The last time I walked this route with my camera I ended up with detective constable visiting my house.
The weather changes every 5 minutes.
This is one of the most extraordinary of experiences, a sight almost unique in England. On either side of the road are the works, steaming and sizzling – tall steel chimneys, great cylinders, pipes everywhere. The road goes on and on, to Haverton Hill and Port Clarence: there are acres and acres of this remarkable landscape.
County Durham. A Shell Guide. Henry Thorold. 1980
The yard was built during 1917 on eighty-five acres of low-lying land, with much of the construction work done by women, ex-servicemen and Irish navvies.
The River Tees – R Woodhouse 1991
The link below is to an article in the Evening Gazette detailing the hundreds of women employed in the construction of the Furness Yard, illustrated with wonderful photographs from the British War Museum archive.
Localism: How Tees women outclassed men in WW1 construction – and were drawn into mainstream employment
The Haverton Hill shipyard first opened during the First World War to replace ships that had been destroyed by German U Boats. The first ship built at the yard was named War Energy and launched in 1919.
In the 1920s a model village called Belasis Garden City was built at Haverton Hill to house the shipyard workers. After the Second World War, ICI built a number of chemical plants around Haverton. the pollution from these plants was so great that in the 1960s the majority of the houses were demolished and the population moved to Billingham.
Today the yard is owned by a Danish German consortium and builds structures for offshore wind farms.
My secondary school was a sixties built comprehensive school with flat roofs and glass clad walls, in the winter we dodged the puddles in the corridors and froze in the classrooms, in the summer we baked. One of the happiest days of my life was when I walked away from the place for the final time.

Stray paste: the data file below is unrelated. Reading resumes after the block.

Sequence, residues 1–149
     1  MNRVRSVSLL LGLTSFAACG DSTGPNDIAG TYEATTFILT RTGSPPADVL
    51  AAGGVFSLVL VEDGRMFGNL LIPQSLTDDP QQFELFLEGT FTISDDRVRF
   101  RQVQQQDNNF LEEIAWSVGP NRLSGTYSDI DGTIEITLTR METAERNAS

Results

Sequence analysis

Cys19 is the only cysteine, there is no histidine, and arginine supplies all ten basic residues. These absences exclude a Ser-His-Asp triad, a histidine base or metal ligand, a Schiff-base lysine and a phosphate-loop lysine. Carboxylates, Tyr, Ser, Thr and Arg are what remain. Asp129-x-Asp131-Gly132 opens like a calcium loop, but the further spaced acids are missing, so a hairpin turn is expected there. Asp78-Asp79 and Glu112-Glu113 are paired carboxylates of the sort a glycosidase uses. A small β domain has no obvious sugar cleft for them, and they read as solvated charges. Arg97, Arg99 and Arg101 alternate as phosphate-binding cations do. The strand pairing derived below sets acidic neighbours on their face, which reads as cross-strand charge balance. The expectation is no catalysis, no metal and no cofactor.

One compensation was that there were plenty of distractions during lessons. I was able to gaze out of the windows and watch the endless lines of freight trains carrying coal to the power stations and coke ovens, returning with slabs, beams and coiled steel from the steelworks. There was the occasional boat that came up the river including the heavy lifting barge that lifted the final sections of the A19 Tees flyover into place. All around was a scene of construction and demolition. The houses on and around Stockton road were being torn down, The Portrack incinerator with its massive chimney was being built along with the massive construction of the A19 and A66 roads.
From the top floor of the school you could gaze down the river towards Haverton Hill and watch the heavy bulk carriers being built. One of the ships we witnessed the building and launching of was the Liverpool Bridge a ninety-one thousand ton bulk carrier, the ship was launched on the Tees in 1976 and was renamed the Derbyshire in 1978. The Derbyshire sank in a typhoon off the coast of Japan in 1980, all 44 crew were lost and she became the biggest British merchant ship ever to be lost at sea.
The school was a noisy place, Stockton Road was still a main road, the trains in the marshalling yards used to clank and bang as they were being shunted around, the sound of heavy steel being worked would drift up the river from the yards at Haverton mingling with the ever-present sound of the construction work on the Tees flyover. Occasionally a speedway rider would have a run around the track next door adding to the noise levels and on a Thursday afternoon the speedway track would test their tannoy system by playing pop music, the sound of T-rex or Showaddywaddy would drift over the wooden fence and into the classrooms much to the annoyance of the teachers and amusement of the pupils.
The school was eventually given-up by the Catholics and rebuilt as a Tory flagship City Technology College with money from Macmillan publishing and British American Tobacco. They used to beat smokers with a stick when I went to school there.